By Jason Keidel
The Chicago Cubs barreled their way to their first World Series title in over a century last season. And they entered this year as the chalk to return to the Fall Classic.
Which should have brought a haunting feeling to the Windy City, as things in sports rarely go as scripted. Particularly in baseball, where the grind of summer and 162 games usually exacts an unforeseen tax on every team.
In the NFL, there’s often a Super Bowl hangover, and surely there are similar poisoned cocktails of chemistry in all team sports. The Cubs have no doubt been bitten by some post-title lethargy, and are in serious need of some Alka-Seltzer.
For all the muscular lumber the Cubs swung last year and brought this year, they entered the weekend 29th in MLB with a .237 BA. Only the San Diego Padres are worse in the entire sport. Only the Padres have fewer total hits than the Cubs (643). Chicago is 20th with a .323 on-base percentage, and 20th with a .415 slugging percentage. (All stats are as of Sunday.)
For all the arms the Cubs have, their pitching has not been as sturdy as last year’s. While the team sports a respectable 4.06 ERA, did anyone think the Yankees’ pitching would be better this deep into 2017?
The whole world saw the science-fiction number of stolen bases the Nats put on the Cubs a week ago, a merry-go-round of cinematic contours, something more befitting a Three Stooges set than MLB park. It got so bad you saw Nats players smirking into their lifted shirts. It got so bad that Cubs catcher Miguel Montero called out Jake Arrieta for having such a glacial delivery to home plate. It got so bad the Cubs cut Montero for saying it.
The Cubs are a mess. Yet for all their failures and foibles, they’re just a whisker from first place. While the NL Central is normally a cauldron of sizzling summer clubs, this year’s iteration is a portrait in mediocrity. Even with a woeful 40-41 record entering Sunday, Chicago is only three games behind the Brewers, who were hardly picked to moonwalk with the division title this season. Contemporary powers like the Pirates and Cardinals are having subterranean seasons. Not even the Reds, known to pop their heads into a playoff race, can keep their nostrils near the .500 waters.
Maybe it doesn’t matter. Maybe it’s not about who plays the Cubs, but rather how the Cubs will play. They still have loads of talent. And they still have Joe Maddon, the hippie skipper with the geek-chic glasses who sleeps in a trailer park during spring training, with his old-school RV. Maddon is a picture of equanimity, a baseball lifer who has seen far worse than this, especially at his prior job, as manager of the Tampa Bay Rays. Between Maddon and his boss, Theo Epstein, who had experience breaking biblical curses in Boston, you won’t get a whiff of panic or impatience.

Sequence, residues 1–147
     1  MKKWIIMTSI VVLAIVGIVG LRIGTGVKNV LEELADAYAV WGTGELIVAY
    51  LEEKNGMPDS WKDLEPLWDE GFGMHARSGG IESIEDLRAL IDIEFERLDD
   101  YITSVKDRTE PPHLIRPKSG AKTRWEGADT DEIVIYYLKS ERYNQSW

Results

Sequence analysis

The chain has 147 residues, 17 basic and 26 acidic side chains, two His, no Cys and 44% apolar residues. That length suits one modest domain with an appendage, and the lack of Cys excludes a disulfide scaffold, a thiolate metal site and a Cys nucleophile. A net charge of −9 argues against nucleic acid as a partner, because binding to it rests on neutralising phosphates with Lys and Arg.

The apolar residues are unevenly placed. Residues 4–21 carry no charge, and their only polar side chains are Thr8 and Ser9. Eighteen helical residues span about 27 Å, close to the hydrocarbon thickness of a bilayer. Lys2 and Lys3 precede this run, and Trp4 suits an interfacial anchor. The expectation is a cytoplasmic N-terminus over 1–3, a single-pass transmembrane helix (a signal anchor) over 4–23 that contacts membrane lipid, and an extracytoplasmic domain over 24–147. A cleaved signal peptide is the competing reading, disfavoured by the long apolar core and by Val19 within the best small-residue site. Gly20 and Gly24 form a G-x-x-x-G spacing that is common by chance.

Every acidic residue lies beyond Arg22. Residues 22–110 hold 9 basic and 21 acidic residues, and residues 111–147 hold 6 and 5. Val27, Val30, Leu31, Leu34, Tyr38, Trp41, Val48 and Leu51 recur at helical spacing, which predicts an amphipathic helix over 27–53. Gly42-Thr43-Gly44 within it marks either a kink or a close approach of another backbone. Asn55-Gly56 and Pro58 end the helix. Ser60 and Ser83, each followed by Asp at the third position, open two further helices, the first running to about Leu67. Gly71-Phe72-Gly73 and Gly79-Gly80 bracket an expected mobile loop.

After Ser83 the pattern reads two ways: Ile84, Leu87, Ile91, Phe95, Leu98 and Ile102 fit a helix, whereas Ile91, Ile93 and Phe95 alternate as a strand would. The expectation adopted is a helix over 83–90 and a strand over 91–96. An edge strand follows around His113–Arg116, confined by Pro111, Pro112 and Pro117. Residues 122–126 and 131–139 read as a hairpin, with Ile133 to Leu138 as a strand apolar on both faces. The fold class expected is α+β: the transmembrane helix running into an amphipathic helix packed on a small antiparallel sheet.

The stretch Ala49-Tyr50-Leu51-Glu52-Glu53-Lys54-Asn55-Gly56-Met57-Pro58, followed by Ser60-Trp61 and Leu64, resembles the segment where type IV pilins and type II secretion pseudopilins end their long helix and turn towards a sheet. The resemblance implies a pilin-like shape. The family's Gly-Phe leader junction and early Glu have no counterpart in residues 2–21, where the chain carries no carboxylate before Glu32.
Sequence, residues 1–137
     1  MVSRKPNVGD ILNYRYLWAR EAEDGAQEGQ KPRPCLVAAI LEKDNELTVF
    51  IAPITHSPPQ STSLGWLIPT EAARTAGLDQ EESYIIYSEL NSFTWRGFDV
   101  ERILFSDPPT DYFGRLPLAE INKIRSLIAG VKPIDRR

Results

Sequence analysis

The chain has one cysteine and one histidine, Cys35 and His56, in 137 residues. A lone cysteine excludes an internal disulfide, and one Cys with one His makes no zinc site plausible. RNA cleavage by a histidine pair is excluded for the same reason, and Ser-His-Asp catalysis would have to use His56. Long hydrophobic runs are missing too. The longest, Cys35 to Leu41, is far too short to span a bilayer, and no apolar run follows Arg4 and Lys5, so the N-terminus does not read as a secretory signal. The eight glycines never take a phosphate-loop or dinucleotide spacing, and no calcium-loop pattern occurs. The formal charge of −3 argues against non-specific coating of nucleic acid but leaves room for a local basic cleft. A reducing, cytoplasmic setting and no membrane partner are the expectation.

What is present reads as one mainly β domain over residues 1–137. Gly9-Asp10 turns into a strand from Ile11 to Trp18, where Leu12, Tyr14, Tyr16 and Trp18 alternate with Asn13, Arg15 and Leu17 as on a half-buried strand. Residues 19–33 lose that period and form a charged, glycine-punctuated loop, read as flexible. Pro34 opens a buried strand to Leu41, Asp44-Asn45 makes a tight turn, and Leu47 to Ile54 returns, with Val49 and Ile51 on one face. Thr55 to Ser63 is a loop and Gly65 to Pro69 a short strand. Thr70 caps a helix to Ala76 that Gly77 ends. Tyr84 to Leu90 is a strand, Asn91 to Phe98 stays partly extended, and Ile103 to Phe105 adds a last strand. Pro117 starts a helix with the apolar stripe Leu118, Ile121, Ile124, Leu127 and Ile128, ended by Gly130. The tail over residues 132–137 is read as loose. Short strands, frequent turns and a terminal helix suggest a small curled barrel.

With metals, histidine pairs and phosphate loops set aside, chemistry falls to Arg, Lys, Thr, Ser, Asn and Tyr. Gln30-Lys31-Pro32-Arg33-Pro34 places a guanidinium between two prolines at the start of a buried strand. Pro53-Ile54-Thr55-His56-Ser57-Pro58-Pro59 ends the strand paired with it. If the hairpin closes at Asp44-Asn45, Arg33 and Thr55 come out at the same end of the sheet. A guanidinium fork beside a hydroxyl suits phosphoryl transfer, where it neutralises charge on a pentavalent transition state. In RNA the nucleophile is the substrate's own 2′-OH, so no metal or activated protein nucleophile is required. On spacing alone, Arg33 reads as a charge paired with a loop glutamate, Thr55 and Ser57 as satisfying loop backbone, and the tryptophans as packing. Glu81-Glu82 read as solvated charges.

And the Cubs have had their share of ugly luck. Just the other day, all-world third baseman Kris Bryant mangled his ankle by, well, stepping on third base, while catching a pop-up. Replays show the right foot fold under his ankle while simply trotting toward his home dugout.
The injury bug has dotted the diamond in Chicago. Ben Zobrist and Jason Heyward were recently on the 10-day DL. Kyle Hendricks has been on the DL for nearly a month, and Addison Russell has skipped a few starts.
During last year’s enchanted run to the title, the Cubs’ rotation was quite robust, with four pitchers making at least 30 starts, and a fifth, John Lackey, making 29. Likewise, six position players started at least 140 games, with two more reaching at least 100.
But this year the Cubs signed Brett Anderson to be their fifth starter, only to see him plop onto the 60-day DL. Hendricks was one of the three best starters in the NL last year, but has been saddled with tendinitis in his pitching hand. It all adds to an ugly or unlucky amalgam of maladies for the defending champs, who have no point of reference when it comes to defending a title that hasn’t belonged to them since 1908.
But even without the bumps or bruises, how could the Cubs have possibly played up to last year’s level? Consider the aggregate push and pressure that came with ending that biblical, 108-year World Series drought? Imagine the collective sigh of relief, the million-fan exhale. The celebration.
And the hangover.
Jason writes a weekly column for CBS Local Sports. He is a native New Yorker, sans the elitist sensibilities, and believes there’s a world west of the Hudson River. A Yankees devotee and Steelers groupie, he has been scouring the forest of fertile NYC sports sections since the 1970s. He has written over 500 columns for WFAN/CBS NY, and also worked as a freelance writer for Sports Illustrated and Newsday subsidiary amNew York. He made his bones as a boxing writer, occasionally covering fights in Las Vegas, Atlantic City, but mostly inside Madison Square Garden. Follow him on Twitter @JasonKeidel.